Yes! Frequent swimmers with natural blonde or chemically highlighted hair that is extremely porous may experience the development of green tints and shades over time. This problem can be prevented with regular use of moisturizing shampoo and conditioners that create a natural barrier from chlorine and related chemicals. Bottom line is chlorine is horrible for hair and salt water isn’t much better. With the summer coming these are some of the issues the ladies will be dealing with.

Q- What does chlorine do to the hair?

A- After prolonged exposure to chlorine the hair will take on a plastic feel, which if left alone is irreversible. The hair will also take on green cast which is the least of your worries.


Several of my clients swim straight through the year. Wearing a protective cap is obviously a must but somehow the water still seeps in. For these clients I will make these recommendations:

  •  The day you are going to swim wash your hair in the morning as usual with the products of your choice. Then, apply a protective cream that will block chemicals from attaching themselves to the hair shaft.
  • Before you swim, if possible wet your hair down. If you would think about a sponge that is soaked and thoroughly saturated it will not soak up any more water; this is also true with your hair. If you haven’t already applied your protective cream in the morning this would be a good time to do it. If you have already applied your cream wetting your hair will not wash it out.
  • Directly after swimming wash your hair with shampoo that will take chemicals out of the hair with out stripping the natural oils and follow up with a treatment. Following up with a treatment will help block chemicals from attaching themselves to your hair because a treatment seals the cuticle shut so unwanted friends won’t camp there.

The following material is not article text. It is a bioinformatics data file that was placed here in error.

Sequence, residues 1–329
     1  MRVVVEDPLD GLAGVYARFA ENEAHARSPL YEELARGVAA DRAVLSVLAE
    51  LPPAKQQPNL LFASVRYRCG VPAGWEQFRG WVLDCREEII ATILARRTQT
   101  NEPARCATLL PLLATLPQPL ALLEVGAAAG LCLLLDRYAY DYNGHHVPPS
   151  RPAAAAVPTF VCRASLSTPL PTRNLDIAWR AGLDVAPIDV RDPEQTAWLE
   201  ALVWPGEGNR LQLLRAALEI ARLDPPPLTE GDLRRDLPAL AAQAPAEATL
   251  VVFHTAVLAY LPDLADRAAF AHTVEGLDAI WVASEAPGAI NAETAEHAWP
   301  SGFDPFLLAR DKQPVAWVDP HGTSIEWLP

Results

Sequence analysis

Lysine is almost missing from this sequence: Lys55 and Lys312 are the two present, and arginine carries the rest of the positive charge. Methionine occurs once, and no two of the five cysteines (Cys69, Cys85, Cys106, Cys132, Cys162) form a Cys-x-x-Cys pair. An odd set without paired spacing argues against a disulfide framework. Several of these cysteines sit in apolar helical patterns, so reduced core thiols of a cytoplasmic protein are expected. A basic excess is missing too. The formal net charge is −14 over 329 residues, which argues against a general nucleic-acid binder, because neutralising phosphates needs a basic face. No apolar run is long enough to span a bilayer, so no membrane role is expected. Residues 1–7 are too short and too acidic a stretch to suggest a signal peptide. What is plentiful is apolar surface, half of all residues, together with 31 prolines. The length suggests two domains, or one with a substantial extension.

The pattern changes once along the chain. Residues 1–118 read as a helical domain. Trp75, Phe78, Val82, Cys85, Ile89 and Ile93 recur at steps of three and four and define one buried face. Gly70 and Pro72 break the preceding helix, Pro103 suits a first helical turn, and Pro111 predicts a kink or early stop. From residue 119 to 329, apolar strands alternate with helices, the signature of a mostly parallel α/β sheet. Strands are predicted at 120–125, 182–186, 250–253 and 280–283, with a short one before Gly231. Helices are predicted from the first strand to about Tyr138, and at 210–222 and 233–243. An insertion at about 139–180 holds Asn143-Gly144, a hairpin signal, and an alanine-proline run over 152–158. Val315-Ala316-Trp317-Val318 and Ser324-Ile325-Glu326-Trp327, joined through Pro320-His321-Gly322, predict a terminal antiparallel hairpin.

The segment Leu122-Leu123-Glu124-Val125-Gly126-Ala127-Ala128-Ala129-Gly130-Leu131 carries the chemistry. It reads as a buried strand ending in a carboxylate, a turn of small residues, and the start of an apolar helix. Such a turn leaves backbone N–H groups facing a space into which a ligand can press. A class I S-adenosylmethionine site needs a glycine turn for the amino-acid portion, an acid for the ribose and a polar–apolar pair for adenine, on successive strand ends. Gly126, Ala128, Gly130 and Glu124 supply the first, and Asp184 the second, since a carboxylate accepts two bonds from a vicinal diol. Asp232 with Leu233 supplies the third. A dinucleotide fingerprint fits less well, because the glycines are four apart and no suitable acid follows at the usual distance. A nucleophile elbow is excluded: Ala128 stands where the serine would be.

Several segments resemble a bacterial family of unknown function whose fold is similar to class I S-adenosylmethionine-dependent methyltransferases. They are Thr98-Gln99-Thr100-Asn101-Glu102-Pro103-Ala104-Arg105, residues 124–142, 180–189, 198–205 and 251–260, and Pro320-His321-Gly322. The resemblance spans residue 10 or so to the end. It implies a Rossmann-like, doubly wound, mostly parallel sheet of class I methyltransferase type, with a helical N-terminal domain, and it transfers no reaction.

• Do not use a clarifying shampoo as a way of getting the chlorine out although this may be somewhat effective it will dry your hair out. The chlorine removing shampoo that we carry are gentle and conditioning.



I mentioned before that the effects of Chlorine making the hair green were the least of your problems this is why. Chlorine, once it attaches to the hair forms an crusty plastic like shield to the hair. It will make your hair feel like barbie doll hair and is impossible to make it look healthy. If it is allowed to build up, the only way to get it out is by cutting it out. Girls that have long hair do not like this option and it always seem like it is the girls with long hair that get chlorine build up.


For all the beach goers out there salt water presents another problem. If you have been watching the magazines these last few years beach hair seems to be all the rage, for the moment any way. I can guarantee you that the beach hair you see on the model has nothing to do with spending the day on the beach. It took about an hour for a stylist to create that beach hair result. Now it is true that beach hair is pretty cool looking but for most, but a day at the beach means painful tangles that are annoying to brush out. So much for beach hair. Prolonged exposure to the sun and salt water and the beach air that permeates the cuticle taking damaged hair to a whole new level. Over the years I have had more than one client who needed to cut there hair off because of damage from salt water and sun. The steps you would take at the pool to avoid chlorine damage would also apply to the beach; the only thing I would add is a spray in sunscreen to protect your hair from over lightening.